Massage for Fibromyalgia

Fibromyalgia is one of the most common chronic pain syndromes we see in clinic, but it is often misdiagnosed and misunderstood. It is defined as a chronic pain condition characterised by widespread pain and tenderness of the muscles, tendons and joints that lasts for more than 3 months. Usually the symptoms include at least 11 of 18 tender points at specific sites throughout the body, as shown at the figure below:

Other symptoms that are commonly identified in addition to the chronic pain are:

– non-restorative sleep

– morning stiffness

– fatigue and disturbances in bowel functions

All of these symptoms can cause a significant impact on the quality of life of those who suffers from this condition. The chronic pain and fatigue can lead to less enjoyment when it comes to social activities, inability to maintain work productivity and overall decreased physical ability. The emotional stress can also affect social relationships and can lead to anxiety or depression.

The first symptoms of fibromyalgia can occur at any age but it tends to develop during early adulthood. The onset of the symptoms can be developed after physical or emotional trauma as well.

Although Fibromyalgia is considered as a non-inflammatory, non-degenerative and non-progressive disorder, the cause is still unclear. Many factors can affect the severity of symptoms. These factors include environmental stresses as weather changes, physical stresses (prolonged periods of sitting or standing, repetitive movements, traumas) or emotional stress.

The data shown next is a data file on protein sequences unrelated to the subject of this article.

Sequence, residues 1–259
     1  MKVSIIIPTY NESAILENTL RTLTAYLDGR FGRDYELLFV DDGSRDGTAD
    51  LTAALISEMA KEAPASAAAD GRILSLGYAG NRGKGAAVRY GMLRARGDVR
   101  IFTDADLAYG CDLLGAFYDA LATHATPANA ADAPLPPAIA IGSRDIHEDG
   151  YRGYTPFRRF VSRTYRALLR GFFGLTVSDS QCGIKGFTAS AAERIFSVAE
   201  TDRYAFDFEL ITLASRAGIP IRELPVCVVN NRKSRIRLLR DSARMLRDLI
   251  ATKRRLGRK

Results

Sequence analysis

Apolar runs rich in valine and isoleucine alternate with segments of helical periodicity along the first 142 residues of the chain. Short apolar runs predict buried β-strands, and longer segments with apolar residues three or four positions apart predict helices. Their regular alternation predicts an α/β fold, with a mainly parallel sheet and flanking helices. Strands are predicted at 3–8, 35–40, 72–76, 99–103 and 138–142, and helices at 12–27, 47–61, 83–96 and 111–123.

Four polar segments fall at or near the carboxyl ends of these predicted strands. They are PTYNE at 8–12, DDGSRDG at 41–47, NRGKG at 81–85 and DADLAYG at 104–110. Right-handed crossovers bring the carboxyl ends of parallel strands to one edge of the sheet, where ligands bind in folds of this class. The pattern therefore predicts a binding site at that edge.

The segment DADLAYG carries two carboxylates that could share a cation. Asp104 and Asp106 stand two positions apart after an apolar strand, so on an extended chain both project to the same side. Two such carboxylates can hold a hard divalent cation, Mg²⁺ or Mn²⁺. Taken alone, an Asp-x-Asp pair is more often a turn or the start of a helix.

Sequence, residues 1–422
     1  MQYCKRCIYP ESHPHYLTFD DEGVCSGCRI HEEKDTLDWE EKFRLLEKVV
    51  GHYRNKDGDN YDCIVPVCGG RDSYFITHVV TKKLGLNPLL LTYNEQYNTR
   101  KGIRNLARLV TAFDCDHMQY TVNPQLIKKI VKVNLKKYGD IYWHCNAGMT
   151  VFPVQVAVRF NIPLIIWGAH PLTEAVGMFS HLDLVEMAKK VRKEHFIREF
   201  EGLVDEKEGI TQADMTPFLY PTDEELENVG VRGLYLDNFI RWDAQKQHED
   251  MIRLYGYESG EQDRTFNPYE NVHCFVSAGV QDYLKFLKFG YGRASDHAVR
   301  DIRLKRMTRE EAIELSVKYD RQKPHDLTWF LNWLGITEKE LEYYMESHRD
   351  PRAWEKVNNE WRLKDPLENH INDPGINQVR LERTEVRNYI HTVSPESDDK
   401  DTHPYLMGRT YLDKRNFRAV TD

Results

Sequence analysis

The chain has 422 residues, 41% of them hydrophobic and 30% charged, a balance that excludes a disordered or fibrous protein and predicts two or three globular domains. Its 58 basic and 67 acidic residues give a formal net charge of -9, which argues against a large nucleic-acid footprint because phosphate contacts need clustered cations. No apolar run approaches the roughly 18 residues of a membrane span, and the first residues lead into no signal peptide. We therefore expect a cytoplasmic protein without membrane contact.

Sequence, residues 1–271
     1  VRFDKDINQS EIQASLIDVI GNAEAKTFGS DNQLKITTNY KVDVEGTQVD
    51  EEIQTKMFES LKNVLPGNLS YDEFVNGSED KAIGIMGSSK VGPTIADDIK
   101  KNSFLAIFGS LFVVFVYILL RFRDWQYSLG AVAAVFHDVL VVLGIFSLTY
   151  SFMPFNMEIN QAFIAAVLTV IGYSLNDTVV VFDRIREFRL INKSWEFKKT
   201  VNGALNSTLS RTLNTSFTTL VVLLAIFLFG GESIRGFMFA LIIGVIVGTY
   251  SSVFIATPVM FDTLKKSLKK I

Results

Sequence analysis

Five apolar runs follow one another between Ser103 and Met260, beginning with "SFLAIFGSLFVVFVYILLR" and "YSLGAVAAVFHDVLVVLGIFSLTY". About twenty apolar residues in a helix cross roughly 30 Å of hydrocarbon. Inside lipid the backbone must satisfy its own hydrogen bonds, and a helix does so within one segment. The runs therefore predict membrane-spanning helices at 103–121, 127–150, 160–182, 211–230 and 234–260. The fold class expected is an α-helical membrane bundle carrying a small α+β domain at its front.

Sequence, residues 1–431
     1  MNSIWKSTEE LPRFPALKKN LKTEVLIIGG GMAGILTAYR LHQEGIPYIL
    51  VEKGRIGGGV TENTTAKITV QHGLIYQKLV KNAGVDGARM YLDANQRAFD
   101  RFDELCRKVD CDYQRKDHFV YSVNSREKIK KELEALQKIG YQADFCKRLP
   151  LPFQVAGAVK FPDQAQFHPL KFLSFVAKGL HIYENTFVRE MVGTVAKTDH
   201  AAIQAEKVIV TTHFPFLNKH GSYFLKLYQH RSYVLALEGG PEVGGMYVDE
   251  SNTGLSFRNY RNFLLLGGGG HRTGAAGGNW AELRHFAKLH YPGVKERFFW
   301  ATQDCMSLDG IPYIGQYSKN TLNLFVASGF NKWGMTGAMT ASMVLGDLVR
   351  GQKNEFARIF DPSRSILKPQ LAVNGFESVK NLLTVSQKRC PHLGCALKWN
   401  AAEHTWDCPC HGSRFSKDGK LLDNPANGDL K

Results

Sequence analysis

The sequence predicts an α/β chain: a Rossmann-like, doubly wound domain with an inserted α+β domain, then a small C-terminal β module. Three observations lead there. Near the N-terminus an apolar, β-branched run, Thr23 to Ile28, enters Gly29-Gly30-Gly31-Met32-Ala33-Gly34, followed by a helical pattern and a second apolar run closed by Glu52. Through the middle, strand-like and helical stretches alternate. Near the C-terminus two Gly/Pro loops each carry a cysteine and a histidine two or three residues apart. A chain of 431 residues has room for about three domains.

The pain is usually described as muscular in origin and can lead to headaches and restriction of the movements. People suffering with fibromyalgia tend to abandon sports and physical activity and start to develop postural imbalances and orthopaedic disorders.

The treatment for Fibromyalgia varies, and can include a combination of prescription medication, aerobic exercise, low impact exercises, diet modification, colonic hydrotherapy and massage therapy.

Different massage techniques like trigger points, relaxation techniques, myofascial release and remedial massage can be used efficiently to relieve fibromyalgia symptoms. These techniques don’t just work to release knots and adhesions, but promote better muscle tone, help with the circulation and helps to detoxify the body.

The other benefits of massage includes: increase of serotonin (the “feel good” hormone), decrease of the stress hormones like Cortisol, improvement of sleep, decrease in levels of pain messengers, improvement of bowel movements and digestion (through abdominal massage) and promotion of muscle balance.

Based on my professional experience, working as a physiotherapist and massage therapist for over than 15 years, I have seen gradual improvement by using these techniques for most of my clients. Frequent massage usually helps to control the pain and reduce risk of orthopaedic injuries. The soothing and relaxing movements of massage can ease the emotional and physical stress and allows my client to keep a more active lifestyle. The improvement of the sleep is one of the most important benefits from massage as well. With a good night of sleep it is easier to control the fatigue and avoid the excess of stress hormones.

Fibromyalgia treatment overall should be holistic and it’s important to have a good team of health practitioners working together to help with your treatment, like Doctors, Physiotherapists, Personal Trainers, Nutritionists, Naturopaths and Colonic Hydrotherapists. These different treatments combined can lead to a more happy, healthy and productive life.

Written by: Carolina Mori Pinto.

Carolina is a Massage Therapist and Physiotherapist, graduating from her studies in Brazil.

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